The Albanese Government’s decision to not put a set model to the public for the upcoming Indigenous Voice to Parliament referendum will mean future governments can change the way the new body operates, legal experts say. Source: The Australian.
Mark Leibler, who has been the co-chair of the Expert Panel and the Referendum Council on Constitutional Recognition, hit out at criticisms of the proposed constitutional change and defended the Government’s decision to not include a defined model in the question in the upcoming referendum.
Attacking the “misinformation and disinformation” about the reform, Mr Leibler writes in The Australian today that it was wrong to argue that a particular model would be embedded in the Constitution if the referendum was successful. Instead, the referendum will measure public support for the concept of an Indigenous voice, with the exact characteristics and functions of the body to be determined subsequently. Future parliaments would be able to make changes to the body.
“It should be crystal clear to anyone who has read the proposed amendment, put forward by the Prime Minister … that the only thing Australians will be asked to approve or reject at a referendum is the establishment of an Aboriginal and Torres Strait Islander voice,” Mr Leibler said.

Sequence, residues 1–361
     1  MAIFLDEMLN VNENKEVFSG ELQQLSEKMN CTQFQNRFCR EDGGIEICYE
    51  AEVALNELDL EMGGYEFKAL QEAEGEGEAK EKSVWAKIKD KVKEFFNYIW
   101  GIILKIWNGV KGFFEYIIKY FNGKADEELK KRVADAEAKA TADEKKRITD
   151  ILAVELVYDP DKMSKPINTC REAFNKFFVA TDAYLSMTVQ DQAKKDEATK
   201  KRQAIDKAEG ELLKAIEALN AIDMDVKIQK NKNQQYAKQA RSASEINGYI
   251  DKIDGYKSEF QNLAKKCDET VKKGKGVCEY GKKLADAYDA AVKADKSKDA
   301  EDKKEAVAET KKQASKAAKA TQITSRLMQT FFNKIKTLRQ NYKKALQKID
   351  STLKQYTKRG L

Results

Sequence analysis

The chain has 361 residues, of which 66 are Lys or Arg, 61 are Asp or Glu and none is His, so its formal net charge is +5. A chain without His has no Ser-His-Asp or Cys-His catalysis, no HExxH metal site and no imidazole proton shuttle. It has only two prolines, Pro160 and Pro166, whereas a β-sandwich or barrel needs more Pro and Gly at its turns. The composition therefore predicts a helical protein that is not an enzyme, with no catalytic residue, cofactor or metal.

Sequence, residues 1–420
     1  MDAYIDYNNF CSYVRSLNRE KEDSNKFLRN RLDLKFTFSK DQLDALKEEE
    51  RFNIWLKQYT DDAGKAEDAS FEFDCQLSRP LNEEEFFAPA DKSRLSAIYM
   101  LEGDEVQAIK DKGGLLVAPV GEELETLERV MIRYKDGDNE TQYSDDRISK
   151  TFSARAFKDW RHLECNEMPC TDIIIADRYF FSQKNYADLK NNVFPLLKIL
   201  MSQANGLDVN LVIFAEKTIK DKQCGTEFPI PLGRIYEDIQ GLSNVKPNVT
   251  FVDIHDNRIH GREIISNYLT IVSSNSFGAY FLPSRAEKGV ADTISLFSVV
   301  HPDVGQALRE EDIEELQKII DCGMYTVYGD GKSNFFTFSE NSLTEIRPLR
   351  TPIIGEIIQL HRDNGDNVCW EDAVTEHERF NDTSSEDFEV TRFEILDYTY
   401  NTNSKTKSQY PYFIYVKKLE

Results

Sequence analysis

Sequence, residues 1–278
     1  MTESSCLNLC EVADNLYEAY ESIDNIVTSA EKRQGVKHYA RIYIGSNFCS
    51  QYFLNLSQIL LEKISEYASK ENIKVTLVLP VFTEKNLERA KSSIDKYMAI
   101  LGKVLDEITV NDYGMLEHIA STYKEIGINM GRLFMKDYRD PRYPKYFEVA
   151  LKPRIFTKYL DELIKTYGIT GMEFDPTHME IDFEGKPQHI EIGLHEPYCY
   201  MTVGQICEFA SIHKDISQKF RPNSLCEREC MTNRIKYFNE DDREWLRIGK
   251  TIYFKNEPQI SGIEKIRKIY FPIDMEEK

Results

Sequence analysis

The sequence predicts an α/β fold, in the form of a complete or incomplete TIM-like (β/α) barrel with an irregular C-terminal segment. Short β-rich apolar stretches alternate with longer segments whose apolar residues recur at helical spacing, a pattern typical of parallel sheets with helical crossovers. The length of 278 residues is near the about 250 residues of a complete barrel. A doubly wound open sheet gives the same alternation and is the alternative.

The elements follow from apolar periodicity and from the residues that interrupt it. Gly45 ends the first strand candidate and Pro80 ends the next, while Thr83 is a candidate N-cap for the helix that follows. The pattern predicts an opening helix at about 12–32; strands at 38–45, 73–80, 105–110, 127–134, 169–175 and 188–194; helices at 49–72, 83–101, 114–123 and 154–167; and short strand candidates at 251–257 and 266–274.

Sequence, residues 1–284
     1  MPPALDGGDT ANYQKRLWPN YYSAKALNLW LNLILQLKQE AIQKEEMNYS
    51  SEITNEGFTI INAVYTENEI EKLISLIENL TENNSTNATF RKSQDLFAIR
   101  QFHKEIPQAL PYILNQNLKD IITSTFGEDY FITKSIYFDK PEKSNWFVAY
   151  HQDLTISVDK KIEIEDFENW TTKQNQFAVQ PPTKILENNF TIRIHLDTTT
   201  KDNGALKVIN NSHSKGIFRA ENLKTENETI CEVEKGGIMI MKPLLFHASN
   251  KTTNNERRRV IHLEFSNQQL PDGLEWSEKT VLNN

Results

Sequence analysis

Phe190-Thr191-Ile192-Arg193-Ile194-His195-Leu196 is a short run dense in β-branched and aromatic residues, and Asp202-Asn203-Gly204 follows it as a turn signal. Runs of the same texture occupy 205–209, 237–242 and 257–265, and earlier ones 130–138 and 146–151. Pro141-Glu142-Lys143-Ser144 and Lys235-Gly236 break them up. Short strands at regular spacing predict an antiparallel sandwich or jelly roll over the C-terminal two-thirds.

Gabrielle Appleby, a constitutional expert and professor of the Faculty of Law & Justice at UNSW, said that while future parliaments would have the ability to change the voice’s design, the body itself would be able to help ensure it remained effective.
Opposition Indigenous affairs spokesman Julian Leeser said the lack of a model was hurting the debate.
Voice to Parliament ‘will be able to evolve and adapt’ without set model in referendum (By Paul Garvey, The Australian)